September 11, 2001 is a date that prompts many of us to reflect. That day—for good and for ill—has had a serious impact on the psyche of our nation, and it is only fitting that we take the time to do some reflection and remembrance.

monochrome photo of New York city during daytime showing the twin towers in lower Manhattan before September 11th
Photo by Thomas Svensson on

As one who grew up in New York State and who has lived in Washington, D.C. for most of my life, I found myself deeply affected by the events of that day. And because I was in seminary when it happened, even my theological education was shaped profoundly. The papers I wrote in the weeks and months afterward all bear the marks of that day and are reflections on it. I wrote exegetical papers on Psalm 79 (“Where Is Their God?“) and Psalm 122 (“Pray for the Peace of Jerusalem“) and preached a sermon for our Psalms course entitled “Disorientation” whose major themes were reflections on September 11th.

Of course, the reflections did not end there and transitioned from grief and sorrow to sober consideration of what lessons we are to take from the events of September 11th. Questions about mercy and forgiveness, especially prompted by the lectionary passages for September 11, 2005 (“How many times must I forgive?”), began to come to the fore. These reflections acknowledge the fact that we would be shaped by the events of September 11th, but we need not be defined by them, nor shaped in a particular way.

What follows below are some of the reflections I’ve made over the years, through papers, sermons, and essays. They don’t represent the totality of my reflections since some of them—maybe even some of the better ones—were never put into writing. But these represent my contribution to the ongoing conversation about that day and its meaning for us. To the extent that you find them interesting or helpful in your own reflection, then they will have served their purpose.

Jesus and the disciples in the upper room

Disbelieving and Still Wondering

Apr 14, 202413410 min read
No matter how profound the religious experience, no matter how seemingly convincing the proof, doubt is unexpungeable. Doubt is inescapable. It is a fact of faithful living. We Christians aren’t always comfortable with that idea. We’re not comfortable with the idea that doubt is okay or that doubt can be tolerated. We don’t know what to do with it because we’re afraid that admitting doubt is tantamount to admitting weakness in faith or admitting that we’re not faithful enough.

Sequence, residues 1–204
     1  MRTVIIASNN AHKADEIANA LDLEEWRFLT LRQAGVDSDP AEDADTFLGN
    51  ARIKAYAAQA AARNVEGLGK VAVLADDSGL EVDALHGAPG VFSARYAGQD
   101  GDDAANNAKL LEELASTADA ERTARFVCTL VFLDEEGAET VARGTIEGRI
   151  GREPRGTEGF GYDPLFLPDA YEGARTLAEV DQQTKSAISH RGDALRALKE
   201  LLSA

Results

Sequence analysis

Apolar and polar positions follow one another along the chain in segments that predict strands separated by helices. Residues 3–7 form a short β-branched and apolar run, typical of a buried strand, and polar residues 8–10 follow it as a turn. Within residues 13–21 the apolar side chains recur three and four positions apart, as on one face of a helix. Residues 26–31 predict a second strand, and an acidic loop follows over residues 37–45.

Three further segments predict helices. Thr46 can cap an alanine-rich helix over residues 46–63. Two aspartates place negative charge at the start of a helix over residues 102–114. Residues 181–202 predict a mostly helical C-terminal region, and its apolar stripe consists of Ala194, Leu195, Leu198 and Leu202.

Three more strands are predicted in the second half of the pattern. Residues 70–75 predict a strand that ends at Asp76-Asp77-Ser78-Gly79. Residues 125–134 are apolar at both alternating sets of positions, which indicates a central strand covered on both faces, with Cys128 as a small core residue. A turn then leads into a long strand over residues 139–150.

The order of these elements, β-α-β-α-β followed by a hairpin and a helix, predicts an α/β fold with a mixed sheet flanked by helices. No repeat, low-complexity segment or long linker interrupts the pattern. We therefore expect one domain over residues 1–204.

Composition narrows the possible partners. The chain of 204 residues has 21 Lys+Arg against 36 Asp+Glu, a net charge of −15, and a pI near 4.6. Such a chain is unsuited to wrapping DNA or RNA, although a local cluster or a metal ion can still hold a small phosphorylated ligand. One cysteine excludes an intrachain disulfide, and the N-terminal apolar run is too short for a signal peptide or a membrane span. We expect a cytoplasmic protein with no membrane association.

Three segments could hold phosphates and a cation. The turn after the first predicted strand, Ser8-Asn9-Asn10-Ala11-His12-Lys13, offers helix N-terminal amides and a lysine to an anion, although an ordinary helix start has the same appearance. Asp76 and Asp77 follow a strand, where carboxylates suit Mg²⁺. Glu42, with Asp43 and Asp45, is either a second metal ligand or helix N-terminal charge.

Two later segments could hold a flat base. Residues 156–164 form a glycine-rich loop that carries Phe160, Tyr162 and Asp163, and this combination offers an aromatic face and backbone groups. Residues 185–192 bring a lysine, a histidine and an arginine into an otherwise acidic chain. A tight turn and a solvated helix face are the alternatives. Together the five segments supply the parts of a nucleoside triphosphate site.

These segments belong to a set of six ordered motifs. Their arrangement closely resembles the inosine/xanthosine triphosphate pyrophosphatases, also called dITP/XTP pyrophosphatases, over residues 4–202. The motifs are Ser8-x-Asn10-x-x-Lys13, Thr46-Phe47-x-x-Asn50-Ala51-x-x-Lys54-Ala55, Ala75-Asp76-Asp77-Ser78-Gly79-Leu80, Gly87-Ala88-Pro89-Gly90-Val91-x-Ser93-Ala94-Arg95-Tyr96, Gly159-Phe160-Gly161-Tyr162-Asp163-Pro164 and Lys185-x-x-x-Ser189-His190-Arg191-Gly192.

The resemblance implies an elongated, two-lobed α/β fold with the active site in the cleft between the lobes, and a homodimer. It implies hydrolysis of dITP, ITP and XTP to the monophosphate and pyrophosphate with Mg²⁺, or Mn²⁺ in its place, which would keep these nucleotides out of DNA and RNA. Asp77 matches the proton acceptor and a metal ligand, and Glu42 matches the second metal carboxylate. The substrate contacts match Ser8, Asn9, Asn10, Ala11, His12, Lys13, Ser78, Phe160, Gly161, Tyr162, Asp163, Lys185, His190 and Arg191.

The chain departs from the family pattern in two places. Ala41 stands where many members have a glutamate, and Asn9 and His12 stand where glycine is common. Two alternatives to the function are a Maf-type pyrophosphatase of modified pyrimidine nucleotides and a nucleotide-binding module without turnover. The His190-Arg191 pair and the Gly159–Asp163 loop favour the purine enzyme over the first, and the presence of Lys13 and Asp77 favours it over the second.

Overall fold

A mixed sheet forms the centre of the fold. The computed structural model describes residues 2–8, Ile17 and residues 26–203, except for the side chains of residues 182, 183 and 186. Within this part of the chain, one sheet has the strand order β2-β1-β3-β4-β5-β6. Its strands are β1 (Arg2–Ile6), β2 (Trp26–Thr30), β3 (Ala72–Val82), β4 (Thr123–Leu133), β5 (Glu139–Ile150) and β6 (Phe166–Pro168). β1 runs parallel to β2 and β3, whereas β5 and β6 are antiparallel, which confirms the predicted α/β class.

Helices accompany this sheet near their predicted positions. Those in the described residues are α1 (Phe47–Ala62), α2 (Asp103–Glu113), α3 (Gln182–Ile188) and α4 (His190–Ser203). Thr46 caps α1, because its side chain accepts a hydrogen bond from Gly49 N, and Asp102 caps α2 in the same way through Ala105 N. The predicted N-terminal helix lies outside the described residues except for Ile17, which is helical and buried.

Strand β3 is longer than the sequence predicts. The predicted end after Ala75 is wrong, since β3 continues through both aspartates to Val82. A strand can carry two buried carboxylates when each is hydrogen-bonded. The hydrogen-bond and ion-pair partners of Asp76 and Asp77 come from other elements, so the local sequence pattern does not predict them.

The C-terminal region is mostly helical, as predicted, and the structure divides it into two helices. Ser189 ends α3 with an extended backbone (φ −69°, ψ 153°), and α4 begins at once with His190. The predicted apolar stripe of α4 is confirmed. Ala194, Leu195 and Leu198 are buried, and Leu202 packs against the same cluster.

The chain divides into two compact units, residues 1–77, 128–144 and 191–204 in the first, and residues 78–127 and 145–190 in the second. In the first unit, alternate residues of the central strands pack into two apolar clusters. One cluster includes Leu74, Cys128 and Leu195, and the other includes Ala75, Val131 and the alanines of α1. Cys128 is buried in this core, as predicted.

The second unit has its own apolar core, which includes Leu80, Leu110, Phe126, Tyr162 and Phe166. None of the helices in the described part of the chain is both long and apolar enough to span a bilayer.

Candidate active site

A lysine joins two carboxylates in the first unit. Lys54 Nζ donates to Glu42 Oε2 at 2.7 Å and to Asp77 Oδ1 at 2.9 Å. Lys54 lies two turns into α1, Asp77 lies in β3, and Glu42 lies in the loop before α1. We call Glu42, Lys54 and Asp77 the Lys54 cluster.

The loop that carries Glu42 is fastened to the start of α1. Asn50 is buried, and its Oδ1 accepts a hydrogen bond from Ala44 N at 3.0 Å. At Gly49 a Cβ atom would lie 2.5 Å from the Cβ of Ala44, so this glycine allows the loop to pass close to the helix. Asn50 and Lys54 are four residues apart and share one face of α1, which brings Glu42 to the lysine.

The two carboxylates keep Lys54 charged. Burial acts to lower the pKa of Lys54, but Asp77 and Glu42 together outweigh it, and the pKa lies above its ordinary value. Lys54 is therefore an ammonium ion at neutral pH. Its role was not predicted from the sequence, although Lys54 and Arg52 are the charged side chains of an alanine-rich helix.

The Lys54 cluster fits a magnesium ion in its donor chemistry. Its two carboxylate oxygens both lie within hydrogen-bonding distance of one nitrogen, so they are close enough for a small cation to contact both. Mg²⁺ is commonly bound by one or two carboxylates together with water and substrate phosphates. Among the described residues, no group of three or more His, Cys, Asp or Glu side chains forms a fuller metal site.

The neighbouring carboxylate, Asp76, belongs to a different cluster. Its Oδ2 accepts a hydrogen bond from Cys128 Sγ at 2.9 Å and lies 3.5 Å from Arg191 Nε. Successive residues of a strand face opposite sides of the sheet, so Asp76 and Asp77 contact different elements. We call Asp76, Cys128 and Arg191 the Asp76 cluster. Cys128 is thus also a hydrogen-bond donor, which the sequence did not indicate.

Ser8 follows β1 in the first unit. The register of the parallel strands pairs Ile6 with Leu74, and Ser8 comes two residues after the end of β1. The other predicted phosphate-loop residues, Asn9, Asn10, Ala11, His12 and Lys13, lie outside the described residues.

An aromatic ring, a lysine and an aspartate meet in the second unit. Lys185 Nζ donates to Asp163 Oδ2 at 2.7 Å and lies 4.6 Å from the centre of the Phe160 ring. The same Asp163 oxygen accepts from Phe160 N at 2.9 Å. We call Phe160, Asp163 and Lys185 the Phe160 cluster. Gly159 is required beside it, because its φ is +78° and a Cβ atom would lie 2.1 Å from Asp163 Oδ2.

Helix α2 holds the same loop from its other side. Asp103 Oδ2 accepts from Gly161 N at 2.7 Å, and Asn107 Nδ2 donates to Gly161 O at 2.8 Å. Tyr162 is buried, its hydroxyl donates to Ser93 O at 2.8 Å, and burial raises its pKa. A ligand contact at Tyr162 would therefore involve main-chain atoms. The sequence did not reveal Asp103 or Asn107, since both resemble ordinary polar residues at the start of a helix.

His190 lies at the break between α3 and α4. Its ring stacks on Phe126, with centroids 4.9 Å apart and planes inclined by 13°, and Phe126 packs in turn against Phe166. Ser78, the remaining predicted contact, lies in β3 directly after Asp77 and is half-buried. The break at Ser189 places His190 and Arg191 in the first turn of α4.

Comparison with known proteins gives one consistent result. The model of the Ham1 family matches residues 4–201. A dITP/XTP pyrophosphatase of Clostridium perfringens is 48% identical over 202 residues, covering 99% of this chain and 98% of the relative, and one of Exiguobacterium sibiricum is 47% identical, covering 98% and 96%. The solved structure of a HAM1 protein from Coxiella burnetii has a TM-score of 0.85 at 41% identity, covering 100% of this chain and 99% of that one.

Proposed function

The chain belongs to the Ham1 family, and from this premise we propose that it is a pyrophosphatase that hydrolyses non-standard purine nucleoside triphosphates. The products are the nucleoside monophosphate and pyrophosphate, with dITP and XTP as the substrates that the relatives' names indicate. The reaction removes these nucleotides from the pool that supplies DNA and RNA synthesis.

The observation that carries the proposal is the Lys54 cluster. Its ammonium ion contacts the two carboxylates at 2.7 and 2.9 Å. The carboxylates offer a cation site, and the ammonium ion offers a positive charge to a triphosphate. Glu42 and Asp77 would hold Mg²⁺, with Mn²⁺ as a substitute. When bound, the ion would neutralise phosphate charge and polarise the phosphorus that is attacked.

Cover of Delivering the Commonwealth

Something Otherworldly, and not in the Usual Way

Nov 18, 20233032 min read
November is National Novel Writing Month (#NaNoWriMo) in which thousands of aspiring novelists commit to writing 50,000 words of their attempt at the next Great American Novel. I am one of those aspiring thousands.
Video: A Religious Argument Against the Flat Earth

Video: A Religious Argument Against the Flat Earth

Jul 10, 20236121 min read
In a way, there is a religious fundamentalist quality to this globe-denialism, and it occurred to me that there is a quasi-religious foundation for people’s stubborn belief in a flat earth. I’m no scientist, but I do know religion, and so into the fray I jumped with a video entitled “A Religious Argument Against the Flat Earth.”
Image of St. Mark from an Armenian edition of the gospels

At Long Last: The Good News according to Mark

Mar 18, 202315417 min read
My primary aim in this book was to put before the reader a presentation of different levels of translation for this sacred text. In so doing, I hoped to allow the reader to see the fundamental strangeness of the text and its familiarity at the same time, and come to see just what it is that I have come to love about Mark’s gospel.
Billboard reading: "Where are you going, Heaven or Hell?"

The Shitty Theology Along I-95

Mar 9, 202311641 min read
On a recent road trip to through the South, I saw a series of billboards with religious message. These billboards were clearly part of a single theological viewpoint. And that theological viewpoint is terrible.

One thought on “Reflections on September 11th

  1. It was of great interest to me to learn about the supposed identity of St. Matthews, as explained by your research, since it is a word that comes out of our mouths and is in our minds very often.

    I have visited Shanksville, Ground Zero, and Trinity Church; I must admit I shed many, many tears on 9/11 last week. I can close my eyes and see the soup kettle in the church where meals were made for the firefighters, and see the scars on the pews, made by their boot buckles, as the responders tried to rest.

    The bell outside, a miniature of the Liberty Bell, was cast in the same foundary as the Liberty Bell; only in England could a company be in business for that long. The inscription on the bell says, “Wrought in Anguish.” Sincerely, Beth Lingg, a 51 year member of St. Matthew’s, Bowie.

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